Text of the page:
This is a big one! This comic has so many key factors, and delivers on so many multiple levels. Amazing Spider-Man is arguably one of the most collectible comic series in fandom, if not THE most collectible series. I haven’t been a huge Spider-Man fan. I have respect for the character, and his importance to the Marvel Universe. I have dabbled a little bit recently, picking up a few books here and there, and mulling over whether or not to take the full plunge. When I say full plunge, I mean full plunge. I would be committed to getting and hunting down the entire series. I am close to finishing the Daredevil series, all of the big keys have been collected, just a matter of filling in some random holes of about 60 issues. And while a part of me welcomes the new challenge, it is a doozy. There are so many key books in the Amazing Spider-Man run, am I all in or not? Keys like #121 (Death of Gwen Stacy), #129 (1st Punisher), #300 (1st Venom), and many more. And that is not including tracking down and getting the early books #1-25, a whole treasure trove of keys! This one is my #1 Key Comic I am hunting for right now. A lot of issues I have seen recently are in bad condition or overpriced and the price and demand are really on the rise right now. I hope I can fend off all of the new potential buyers, and get my hands on one before they are all snatched up. This book could tip the scales and determine if I go for Amazing Spider-Man or not. What do you think? I would love to hear other collections and their opinions.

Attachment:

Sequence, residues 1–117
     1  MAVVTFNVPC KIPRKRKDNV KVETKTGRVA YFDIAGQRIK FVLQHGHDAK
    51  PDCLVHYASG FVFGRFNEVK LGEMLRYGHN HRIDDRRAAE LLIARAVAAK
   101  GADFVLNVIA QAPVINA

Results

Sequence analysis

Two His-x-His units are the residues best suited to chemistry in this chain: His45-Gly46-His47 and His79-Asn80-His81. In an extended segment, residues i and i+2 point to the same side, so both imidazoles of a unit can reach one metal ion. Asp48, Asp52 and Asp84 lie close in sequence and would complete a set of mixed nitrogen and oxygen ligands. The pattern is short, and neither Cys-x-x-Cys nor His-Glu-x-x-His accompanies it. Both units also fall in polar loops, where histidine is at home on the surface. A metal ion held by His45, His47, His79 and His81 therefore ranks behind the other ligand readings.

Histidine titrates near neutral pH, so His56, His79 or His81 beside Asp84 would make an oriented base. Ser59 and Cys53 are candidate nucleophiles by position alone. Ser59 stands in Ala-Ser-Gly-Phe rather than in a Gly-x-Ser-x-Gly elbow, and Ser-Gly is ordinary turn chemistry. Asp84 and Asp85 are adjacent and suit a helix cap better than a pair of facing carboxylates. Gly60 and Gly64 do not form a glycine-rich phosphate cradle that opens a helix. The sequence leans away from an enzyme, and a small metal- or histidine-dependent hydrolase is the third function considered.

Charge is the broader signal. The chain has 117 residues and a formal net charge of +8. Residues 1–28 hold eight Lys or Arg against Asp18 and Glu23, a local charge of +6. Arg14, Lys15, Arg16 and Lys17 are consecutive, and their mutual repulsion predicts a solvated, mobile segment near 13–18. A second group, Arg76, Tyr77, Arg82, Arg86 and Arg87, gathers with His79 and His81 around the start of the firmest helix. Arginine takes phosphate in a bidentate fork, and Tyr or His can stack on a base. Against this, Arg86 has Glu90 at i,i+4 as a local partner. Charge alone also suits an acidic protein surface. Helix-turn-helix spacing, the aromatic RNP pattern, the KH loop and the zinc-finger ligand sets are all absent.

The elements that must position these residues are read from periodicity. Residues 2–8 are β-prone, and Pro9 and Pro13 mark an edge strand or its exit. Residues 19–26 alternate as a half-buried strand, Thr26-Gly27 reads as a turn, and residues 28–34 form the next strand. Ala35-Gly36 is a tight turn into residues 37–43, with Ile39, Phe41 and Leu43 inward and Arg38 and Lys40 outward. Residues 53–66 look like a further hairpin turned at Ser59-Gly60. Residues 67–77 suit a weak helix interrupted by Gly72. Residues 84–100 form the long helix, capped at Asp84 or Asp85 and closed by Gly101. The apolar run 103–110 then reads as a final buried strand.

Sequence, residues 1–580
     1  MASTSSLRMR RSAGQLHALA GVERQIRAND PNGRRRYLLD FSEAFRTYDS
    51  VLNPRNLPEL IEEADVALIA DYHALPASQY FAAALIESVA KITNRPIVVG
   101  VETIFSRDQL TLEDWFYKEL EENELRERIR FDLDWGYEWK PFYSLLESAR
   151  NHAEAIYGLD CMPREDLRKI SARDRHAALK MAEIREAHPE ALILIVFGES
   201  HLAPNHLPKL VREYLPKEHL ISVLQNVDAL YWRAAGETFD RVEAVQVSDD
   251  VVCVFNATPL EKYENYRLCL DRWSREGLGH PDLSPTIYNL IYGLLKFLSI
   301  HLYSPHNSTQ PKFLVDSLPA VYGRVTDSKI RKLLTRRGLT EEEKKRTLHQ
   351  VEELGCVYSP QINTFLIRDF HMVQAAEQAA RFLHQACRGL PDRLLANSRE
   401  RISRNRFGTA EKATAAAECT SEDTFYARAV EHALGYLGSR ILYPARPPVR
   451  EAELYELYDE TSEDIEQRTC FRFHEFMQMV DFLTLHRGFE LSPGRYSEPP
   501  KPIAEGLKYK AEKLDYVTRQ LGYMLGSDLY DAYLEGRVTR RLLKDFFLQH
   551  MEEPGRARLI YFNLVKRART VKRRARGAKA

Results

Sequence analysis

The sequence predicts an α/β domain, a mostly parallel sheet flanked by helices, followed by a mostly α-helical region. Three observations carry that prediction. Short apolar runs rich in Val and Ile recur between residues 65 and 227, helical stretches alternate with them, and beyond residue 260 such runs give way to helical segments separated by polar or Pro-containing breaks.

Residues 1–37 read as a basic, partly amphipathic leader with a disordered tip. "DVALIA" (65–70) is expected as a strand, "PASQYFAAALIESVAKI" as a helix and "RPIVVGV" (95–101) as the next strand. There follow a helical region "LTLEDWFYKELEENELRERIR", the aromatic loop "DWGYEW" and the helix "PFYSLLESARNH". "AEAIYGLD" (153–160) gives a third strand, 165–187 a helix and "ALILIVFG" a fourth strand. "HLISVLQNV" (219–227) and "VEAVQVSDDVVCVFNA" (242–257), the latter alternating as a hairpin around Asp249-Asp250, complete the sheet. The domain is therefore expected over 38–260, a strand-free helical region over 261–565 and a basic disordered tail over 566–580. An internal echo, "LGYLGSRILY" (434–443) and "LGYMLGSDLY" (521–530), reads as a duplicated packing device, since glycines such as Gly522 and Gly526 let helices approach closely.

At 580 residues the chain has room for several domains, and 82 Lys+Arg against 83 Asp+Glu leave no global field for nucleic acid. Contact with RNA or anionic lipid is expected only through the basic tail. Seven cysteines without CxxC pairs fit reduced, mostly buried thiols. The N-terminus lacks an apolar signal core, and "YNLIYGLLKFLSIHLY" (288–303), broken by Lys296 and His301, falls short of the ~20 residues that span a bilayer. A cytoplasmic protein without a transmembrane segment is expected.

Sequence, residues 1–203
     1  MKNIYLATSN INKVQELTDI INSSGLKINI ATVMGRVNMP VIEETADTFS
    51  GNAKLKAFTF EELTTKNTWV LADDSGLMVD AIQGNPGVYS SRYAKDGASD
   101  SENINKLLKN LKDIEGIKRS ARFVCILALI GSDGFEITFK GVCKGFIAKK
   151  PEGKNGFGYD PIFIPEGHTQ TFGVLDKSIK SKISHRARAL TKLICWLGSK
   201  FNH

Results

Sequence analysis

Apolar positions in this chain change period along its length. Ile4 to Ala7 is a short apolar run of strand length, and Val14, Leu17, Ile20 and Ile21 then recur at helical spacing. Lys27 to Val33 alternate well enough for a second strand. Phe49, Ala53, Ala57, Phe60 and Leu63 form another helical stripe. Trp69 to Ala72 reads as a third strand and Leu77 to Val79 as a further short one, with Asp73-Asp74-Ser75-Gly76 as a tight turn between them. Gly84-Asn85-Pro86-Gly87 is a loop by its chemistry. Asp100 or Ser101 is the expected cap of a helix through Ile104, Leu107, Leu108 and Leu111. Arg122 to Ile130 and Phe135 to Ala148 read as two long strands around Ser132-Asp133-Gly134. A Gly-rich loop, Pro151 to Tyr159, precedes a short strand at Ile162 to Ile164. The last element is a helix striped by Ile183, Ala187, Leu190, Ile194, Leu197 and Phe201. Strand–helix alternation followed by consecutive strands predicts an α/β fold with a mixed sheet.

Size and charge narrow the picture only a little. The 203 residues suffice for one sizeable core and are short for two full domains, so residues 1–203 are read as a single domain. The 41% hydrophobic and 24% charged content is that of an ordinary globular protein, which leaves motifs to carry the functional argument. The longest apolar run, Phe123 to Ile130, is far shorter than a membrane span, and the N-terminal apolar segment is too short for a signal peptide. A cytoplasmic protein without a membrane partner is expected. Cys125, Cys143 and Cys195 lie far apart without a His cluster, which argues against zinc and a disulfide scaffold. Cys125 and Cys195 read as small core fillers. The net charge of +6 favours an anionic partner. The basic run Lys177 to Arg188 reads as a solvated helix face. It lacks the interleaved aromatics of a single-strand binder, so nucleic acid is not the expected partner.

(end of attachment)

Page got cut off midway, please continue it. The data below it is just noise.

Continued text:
Right off the bat, this issue sports a classic iconic cover by John Romita, one of the best in the entire series of Spider-Man. I have seen this cover on many favorite comic cover lists over the years. It is a really beauty. It is simple but powerful image, of Peter Parker walking away from his alter ego Spider-Man. Other comic covers has been made homage to this cover, many times. It is that good.
Silver Age Spidey yarn with incredible artwork by John Romita, and written by Stan Lee. The story delivers. Peter Parker feels the pressure of being a hero and everyday life, his Aunt May is sick, his grades at school are severely dropping, and he gives up being Spider-Man, with him walking away from it all by throwing his costume away in a full page splash in the comic. This scene is even duplicated in Sam Rami’s Spider-Man 3. I won’t spoil what happens, we all know Peter will be Spider-Man again. We even have a touching scene that recaps his origin.
And oh yeah, this comic also marks the 1st appearance of Kingpin! Kingpin first appeared as a Spider-man villain, tormenting him for many years. A ruthless mob boss with supreme money, power and resources. The Kingpin is a major player in the Marvel Universe. It wasn’t until, an up and coming young comic creator, Frank Miller, took over the reins of writing and drawing Daredevil, that Kingpin switched his attention to the Man Without Fear, Daredevil. Kingpin will now and forever be associated with Daredevil, and is considered his main nemesis. Netflix’s hit new Daredevil series has Vincent D’Onofrio playing the villain to the tee.
Overstreet Comic Book Price Guide #44 (2014) has the NM of this comic at $1,850. I still think that this book is a great investment and will continue to rising steadily in the future. The value has increased $100.00 (106%) since the year before, and overall an increase of $1,480.00 (474%) since 1999.
Updated 07/21/2015: Overstreet Comic Book Price Guide #45 (2015) NearMint is $1950.00, the value has increased $50 (3%) since the year before, and overall an increase of $1,510.00 (49%) since 1999.